These vessels, often poorly maintained and uninsured, are said to pose significant safety and environmental risks. The report estimates the shadow fleet comprises 600 to 1,400 vessels, representing a substantial portion of the global crude oil tanker fleet.

According to Allianz, such vessels have been involved in at least 50 incidents to date, including fires, engine failures, collisions, loss of steerage, and oil spills.

It isn’t just Russia getting on the act either. Allianz writes that Iran and Venezuela have also used shadow tankers to circumvent sanctions and maintain oil exports.

The practice of ship-to-ship transfers in the open ocean and the disabling of AIS transponders to obscure vessel identities further complicate the regulatory landscape, writes Allianz.

“Shadow tankers pose a significant threat to other vessels and the environment,” says Captain Nitin Chopra, Senior Marine Risk Consultant at Allianz Commercial. “Despite efforts to crack down on these vessels, the number of tankers is actually increasing, and we have seen a number of groundings and collision incidents.

Chopra adds:

“As long as there are sanctions on countries like Russia and Iran, the shadow fleet looks here to stay. Given the age of the vessels in the shadow fleet, safety is a big concern. Often these vessels are at the end of their operational lives and are used in a high-risk business.”

Rise in piracy

Maritime piracy is yet another risk factor covered in the report. Allianz writes that piracy has seen a resurgence, with 120 reported incidents in 2023, up from 115 in 2022. The Gulf of Guinea remains a hotspot according to Allianz, who says the area accounts for the majority of vessel hijackings and crew kidnappings.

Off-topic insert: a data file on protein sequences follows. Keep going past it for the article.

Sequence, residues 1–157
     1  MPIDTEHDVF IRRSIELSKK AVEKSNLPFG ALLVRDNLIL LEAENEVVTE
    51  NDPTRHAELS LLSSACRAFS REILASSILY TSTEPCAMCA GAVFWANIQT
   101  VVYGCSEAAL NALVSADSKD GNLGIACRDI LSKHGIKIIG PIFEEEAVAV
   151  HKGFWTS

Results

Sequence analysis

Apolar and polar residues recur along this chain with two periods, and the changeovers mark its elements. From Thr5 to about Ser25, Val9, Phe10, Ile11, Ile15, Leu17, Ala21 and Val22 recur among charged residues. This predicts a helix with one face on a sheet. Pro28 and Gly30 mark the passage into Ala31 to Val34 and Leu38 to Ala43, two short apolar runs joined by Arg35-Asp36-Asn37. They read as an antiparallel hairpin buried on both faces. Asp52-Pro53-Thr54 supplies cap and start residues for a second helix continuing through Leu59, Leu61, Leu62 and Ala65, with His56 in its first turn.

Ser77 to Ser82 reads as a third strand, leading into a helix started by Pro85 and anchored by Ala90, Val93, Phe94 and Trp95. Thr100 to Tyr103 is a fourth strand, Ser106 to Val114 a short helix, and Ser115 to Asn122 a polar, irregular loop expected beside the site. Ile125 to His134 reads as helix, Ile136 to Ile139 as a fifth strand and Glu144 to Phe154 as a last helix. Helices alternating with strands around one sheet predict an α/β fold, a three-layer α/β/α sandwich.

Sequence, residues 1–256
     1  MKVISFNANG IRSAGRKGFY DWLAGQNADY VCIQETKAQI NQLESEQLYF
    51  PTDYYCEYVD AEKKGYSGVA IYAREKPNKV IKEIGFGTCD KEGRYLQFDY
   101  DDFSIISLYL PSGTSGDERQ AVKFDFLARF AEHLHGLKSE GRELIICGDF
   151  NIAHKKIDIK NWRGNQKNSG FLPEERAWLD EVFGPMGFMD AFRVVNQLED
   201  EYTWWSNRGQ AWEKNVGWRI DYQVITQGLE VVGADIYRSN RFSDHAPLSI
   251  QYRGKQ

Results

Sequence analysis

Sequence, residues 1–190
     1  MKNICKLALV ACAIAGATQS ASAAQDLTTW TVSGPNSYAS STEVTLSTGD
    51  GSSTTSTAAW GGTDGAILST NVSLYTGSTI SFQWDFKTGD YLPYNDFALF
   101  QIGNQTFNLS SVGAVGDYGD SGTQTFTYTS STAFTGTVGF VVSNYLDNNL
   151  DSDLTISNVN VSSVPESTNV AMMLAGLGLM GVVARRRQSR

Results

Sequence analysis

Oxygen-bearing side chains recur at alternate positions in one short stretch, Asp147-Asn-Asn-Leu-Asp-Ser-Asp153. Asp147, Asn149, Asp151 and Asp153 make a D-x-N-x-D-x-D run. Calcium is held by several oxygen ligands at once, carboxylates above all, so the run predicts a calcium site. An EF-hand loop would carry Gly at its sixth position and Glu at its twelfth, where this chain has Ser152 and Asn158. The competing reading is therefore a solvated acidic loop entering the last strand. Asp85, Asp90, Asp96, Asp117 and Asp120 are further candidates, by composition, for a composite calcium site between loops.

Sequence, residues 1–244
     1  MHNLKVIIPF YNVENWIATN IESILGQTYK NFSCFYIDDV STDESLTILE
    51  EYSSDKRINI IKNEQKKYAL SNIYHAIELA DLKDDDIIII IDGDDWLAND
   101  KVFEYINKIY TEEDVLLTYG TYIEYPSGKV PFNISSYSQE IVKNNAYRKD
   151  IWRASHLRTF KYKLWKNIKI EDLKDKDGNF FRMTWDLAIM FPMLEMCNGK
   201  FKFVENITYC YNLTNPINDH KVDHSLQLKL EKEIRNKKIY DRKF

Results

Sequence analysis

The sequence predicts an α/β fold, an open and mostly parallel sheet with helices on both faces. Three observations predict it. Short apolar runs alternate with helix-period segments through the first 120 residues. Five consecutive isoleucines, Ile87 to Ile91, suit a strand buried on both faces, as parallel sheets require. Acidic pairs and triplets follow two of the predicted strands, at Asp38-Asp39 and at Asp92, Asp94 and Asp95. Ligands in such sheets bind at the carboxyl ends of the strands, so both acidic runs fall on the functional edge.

The report also notes the re-emergence of piracy off the Horn of Africa, with several vessels attacked in late 2023 and early 2024.

Offering examples, the report cites the Maltese flagged bulk carrier Ruen, which was hijacked last December in the Indian Ocean east of Somalia, as well as the Bangladesh-flagged bulk carrier Abdullah, which in March of this year was boarded and hijacked around 600 nautical miles off Somalia.

This increase in piracy incidents, in Allianz’s view, underscores the need for enhanced security measures and international cooperation to protect shipping routes.

“Pirates may be emboldened by what is going on in the Red Sea. With attention focused elsewhere, it opens up the possibility for them to restart their attacks around the Horn of Africa and hijack vessels. It can take months or even years to get the crew and vessels returned,” says Chopra.

Technological and cyber threats

Finally, Allianz warns that the shipping industry faces growing threats from technological advancements used in attacks.

Drones and cyber-attacks have become more prevalent, with reports of GPS interference and AIS spoofing increasing.

“Such weapons are relatively cheap and easy to produce, are becoming more precise, and can find their way into the hands of non-state actors, such as proxy groups or terrorists,” says Captain Rahul Khanna, Global Head of Marine Risk Consulting, Allianz Commercial. “Warfare is changing, as are the weapons that can cause damage to ships. We have seen an increase in the use of drones and unmanned aerial vehicles, which are difficult to stop without a large naval presence.”

Allianz also argues that the potential for cyber-attacks to disrupt shipping operations and navigation systems highlights the need for strong cybersecurity measures and regular monitoring of technological weak spots.

“It is very difficult for individual vessels to protect themselves from drone attacks,” adds Captain Nitin Chopra. “Armed guards were part of the solution against Somali pirates in the past, but there is little that commercial shipping can do against attacks by guided missiles and drones. Owners can invest in counter-drone technology or consider safer alternative routes, but such options often come at a cost and may not always be practical.”